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Fuchs' dystrophy (fooks DIS-tre-fe) is a rare disorder that affects the cornea — the transparent front surface of your eye. Although the cause of Fuchs' dystrophy is unknown, it often occurs as an inherited disorder. Normally, the cells that line the back surface (endothelium) of the cornea prevent excess fluid from accumulating in the cornea. This helps the cornea maintain its transparency. But with Fuchs' dystrophy, those endothelial cells slowly deteriorate and die off. As a result, fluid builds up in the cornea. This may cause swelling, cloudy vision, pain and loss of corneal transparency. Fuchs' dystrophy causes a variety of vision problems and can eventually lead to blindness. Fuchs' dystrophy is considered one type of corneal dystrophy.

Alternative Names of Corneal Dystrophies are: Fuchs' dystrophy.

Causes of Corneal Dystrophies

In some people with Fuchs' dystrophy, the cause is unknown. However, for many people it's inherited as an autosomal dominant familial condition, meaning that about half of an affected person's children also will have the disease. The extent to which relatives experience signs and symptoms may vary. For instance, a parent with a mild case and few symptoms could have a child with a severe case and numerous vision problems.

Signs & Symptoms of Corneal Dystrophies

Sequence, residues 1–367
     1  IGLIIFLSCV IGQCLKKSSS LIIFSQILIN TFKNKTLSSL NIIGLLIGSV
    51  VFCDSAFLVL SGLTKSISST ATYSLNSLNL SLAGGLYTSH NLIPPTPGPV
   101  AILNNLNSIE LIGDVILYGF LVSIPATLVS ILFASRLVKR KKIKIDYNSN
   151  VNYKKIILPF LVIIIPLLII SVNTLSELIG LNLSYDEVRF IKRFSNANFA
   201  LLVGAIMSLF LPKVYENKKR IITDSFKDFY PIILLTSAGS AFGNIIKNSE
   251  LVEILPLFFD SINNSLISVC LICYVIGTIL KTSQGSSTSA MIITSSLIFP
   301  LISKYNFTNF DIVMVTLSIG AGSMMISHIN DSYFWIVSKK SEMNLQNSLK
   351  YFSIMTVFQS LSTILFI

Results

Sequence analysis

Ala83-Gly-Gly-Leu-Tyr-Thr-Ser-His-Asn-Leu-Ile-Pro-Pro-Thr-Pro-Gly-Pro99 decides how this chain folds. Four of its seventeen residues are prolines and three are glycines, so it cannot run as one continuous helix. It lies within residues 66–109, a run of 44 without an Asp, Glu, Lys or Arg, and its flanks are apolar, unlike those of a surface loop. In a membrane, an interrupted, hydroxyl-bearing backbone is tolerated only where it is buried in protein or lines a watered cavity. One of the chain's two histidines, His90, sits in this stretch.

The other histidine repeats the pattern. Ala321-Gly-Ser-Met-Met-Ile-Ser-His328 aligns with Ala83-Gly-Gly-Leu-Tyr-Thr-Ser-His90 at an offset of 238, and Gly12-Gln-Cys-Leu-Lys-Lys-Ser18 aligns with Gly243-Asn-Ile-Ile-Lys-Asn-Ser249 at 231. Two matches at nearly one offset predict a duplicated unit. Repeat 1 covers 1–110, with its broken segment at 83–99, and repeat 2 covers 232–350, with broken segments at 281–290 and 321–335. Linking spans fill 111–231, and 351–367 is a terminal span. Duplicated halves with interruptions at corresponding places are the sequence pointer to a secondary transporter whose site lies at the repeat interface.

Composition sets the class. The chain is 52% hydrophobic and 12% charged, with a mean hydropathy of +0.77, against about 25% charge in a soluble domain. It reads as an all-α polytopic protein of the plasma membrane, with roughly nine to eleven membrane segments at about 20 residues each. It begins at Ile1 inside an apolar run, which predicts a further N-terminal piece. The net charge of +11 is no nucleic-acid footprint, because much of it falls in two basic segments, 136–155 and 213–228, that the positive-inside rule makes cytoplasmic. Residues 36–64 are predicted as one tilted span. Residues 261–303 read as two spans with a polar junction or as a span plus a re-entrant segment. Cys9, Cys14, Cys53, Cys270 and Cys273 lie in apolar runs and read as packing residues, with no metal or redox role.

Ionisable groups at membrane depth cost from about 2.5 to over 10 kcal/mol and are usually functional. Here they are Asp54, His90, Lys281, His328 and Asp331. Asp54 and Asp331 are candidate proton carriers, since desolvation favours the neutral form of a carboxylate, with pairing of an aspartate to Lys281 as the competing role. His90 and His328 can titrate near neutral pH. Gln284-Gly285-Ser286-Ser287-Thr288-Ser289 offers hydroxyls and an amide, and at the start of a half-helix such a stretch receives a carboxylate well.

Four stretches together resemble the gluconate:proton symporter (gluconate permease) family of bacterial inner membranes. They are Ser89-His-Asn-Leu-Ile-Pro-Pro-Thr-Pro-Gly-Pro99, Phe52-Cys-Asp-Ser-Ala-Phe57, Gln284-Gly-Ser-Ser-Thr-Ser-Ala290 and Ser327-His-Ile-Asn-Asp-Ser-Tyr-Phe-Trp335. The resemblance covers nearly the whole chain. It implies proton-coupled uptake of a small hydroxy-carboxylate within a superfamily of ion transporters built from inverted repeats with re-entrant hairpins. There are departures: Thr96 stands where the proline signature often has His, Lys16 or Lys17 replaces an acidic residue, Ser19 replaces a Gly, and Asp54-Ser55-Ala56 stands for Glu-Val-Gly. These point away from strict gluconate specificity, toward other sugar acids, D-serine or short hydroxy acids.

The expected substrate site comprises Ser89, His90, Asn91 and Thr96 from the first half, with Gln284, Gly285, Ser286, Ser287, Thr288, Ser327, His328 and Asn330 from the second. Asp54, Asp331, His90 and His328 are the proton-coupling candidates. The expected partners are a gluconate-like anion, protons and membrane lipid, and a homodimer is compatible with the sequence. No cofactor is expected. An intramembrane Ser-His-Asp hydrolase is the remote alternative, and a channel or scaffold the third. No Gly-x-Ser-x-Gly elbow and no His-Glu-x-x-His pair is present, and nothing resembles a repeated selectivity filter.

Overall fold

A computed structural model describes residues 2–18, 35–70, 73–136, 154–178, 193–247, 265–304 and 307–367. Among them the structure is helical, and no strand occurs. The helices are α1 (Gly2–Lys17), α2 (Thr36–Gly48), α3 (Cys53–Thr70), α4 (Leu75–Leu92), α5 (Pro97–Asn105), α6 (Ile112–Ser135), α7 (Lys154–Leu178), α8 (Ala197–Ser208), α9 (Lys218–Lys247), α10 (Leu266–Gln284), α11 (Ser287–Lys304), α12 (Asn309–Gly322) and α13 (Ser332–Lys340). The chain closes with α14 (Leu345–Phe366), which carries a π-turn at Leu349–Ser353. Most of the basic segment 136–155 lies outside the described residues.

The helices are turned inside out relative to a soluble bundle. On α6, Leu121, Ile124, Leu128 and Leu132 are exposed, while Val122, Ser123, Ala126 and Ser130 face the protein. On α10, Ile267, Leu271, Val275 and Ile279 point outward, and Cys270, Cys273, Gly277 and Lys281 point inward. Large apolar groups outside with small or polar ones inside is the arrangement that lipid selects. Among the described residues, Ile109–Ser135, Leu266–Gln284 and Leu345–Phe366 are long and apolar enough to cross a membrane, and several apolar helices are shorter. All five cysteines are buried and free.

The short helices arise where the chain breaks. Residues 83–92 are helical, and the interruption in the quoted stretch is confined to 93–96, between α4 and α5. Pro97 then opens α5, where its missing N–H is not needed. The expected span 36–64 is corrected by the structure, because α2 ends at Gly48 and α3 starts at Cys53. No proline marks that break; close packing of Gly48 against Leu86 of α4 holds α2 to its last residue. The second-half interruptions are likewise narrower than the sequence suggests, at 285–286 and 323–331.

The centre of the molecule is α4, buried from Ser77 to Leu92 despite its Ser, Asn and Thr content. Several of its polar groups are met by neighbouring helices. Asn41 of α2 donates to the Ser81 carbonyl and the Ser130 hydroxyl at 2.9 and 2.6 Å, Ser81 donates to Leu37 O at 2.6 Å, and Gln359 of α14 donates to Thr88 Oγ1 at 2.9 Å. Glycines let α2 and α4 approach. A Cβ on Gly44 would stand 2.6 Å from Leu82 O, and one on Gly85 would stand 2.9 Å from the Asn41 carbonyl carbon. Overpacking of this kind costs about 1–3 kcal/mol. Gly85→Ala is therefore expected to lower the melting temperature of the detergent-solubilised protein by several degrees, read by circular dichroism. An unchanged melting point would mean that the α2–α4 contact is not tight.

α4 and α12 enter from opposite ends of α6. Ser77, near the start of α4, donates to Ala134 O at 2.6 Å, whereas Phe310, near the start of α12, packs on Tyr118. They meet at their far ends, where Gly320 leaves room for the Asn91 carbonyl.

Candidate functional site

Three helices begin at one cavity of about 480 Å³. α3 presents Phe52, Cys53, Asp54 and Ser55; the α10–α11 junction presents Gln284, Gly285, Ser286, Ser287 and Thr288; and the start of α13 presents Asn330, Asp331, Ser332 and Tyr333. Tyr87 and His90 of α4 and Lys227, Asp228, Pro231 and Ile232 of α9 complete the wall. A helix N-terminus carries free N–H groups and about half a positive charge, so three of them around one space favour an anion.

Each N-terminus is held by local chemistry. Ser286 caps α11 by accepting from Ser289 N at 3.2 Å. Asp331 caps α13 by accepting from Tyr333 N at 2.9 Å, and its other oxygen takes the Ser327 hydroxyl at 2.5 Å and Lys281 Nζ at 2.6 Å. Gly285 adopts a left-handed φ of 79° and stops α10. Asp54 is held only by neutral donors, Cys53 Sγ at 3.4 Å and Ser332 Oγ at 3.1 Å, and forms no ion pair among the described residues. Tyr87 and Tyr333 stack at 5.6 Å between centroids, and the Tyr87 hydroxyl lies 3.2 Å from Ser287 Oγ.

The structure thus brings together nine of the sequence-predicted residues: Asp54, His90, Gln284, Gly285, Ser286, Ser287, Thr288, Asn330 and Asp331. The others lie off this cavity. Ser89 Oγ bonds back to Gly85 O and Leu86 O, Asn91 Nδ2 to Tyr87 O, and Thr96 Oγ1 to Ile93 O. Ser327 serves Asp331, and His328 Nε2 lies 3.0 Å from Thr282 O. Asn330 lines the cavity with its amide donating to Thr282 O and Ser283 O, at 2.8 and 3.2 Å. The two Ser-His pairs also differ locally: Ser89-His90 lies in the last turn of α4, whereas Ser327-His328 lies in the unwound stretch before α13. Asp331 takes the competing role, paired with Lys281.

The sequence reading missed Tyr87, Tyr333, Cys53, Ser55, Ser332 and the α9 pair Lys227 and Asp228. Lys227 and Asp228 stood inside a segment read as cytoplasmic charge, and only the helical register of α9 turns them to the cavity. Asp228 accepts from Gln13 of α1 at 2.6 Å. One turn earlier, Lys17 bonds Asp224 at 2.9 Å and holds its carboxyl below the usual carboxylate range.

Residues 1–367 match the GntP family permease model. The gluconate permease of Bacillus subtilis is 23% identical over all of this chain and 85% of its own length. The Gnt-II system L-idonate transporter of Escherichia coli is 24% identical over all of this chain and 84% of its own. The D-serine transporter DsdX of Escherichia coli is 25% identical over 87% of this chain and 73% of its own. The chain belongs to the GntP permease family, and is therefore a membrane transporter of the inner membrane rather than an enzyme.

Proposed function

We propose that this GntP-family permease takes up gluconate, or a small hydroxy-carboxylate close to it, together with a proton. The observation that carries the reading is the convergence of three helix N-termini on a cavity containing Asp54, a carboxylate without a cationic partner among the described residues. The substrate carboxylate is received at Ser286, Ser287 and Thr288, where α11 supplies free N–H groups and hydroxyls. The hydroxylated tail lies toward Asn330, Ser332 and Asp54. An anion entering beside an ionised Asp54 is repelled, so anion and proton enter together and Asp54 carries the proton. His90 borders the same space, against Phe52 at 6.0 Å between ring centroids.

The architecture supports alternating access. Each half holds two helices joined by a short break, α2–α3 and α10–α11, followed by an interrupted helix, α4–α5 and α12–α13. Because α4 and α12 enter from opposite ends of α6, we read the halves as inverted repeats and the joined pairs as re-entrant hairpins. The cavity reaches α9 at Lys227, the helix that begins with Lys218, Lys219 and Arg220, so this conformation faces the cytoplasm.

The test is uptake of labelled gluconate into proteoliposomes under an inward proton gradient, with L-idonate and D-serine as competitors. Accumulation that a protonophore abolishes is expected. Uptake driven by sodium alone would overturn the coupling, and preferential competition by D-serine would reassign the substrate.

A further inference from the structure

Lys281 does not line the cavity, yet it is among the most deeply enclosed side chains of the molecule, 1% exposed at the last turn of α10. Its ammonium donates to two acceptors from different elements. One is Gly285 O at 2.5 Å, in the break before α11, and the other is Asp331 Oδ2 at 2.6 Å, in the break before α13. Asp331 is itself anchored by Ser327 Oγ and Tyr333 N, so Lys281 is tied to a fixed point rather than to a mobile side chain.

Doctors may see early signs of Fuchs' dystrophy in people who are in their 30s and 40s. But most people don't experience symptoms or problems until they're in their 50s and 60s. Signs and symptoms usually affect both eyes and include:

  • Blurred vision on awakening that may gradually clear up as the day goes on
  • Painful, tiny blisters (epithelial blisters) on the surface of your cornea — caused by excess fluid within the cornea
  • Visual impairment, distorted vision and changes in vision
  • Difficulty seeing at night
  • Blindness
  • Sensitivity to light
  • Seeing halos around lights (astigmatism)
  • A cornea that is cloudy or hazy in appearance

Diagnosis of Corneal Dystrophies

You may go through testing so that your doctor can determine whether you have Fuchs' dystrophy. Testing may include:

  • Visual acuity. This is a basic standard test that is used during routine eye exams. You'll be asked to look at a chart with letters and numbers on it and read the characters. This test helps determine if your vision has worsened since your last exam.
  • Glare test. Similar to the vision acuity test, a bright light is directed at your eye while you read the characters on the chart. This test helps to determine if bright light reduces your ability to see. For example, if you notice you have a hard time seeing when you drive toward headlights at night, you'll probably have decreased visual acuity during the glare test.
  • Grade or guttata stage. Your doctor uses an optical microscope called a slit lamp to look inside your eye. Your doctor then examines the endothelial cells in your cornea. If there are irregularities, called guttae, on the back surface of the cornea that is a sign of Fuchs' dystrophy. After this exam, your Fuchs' dystrophy may be assigned a "grade" or "stage" of zero through five. This number indicates the severity of dystrophy. A zero means there's no disease while a five means much of your cornea is affected.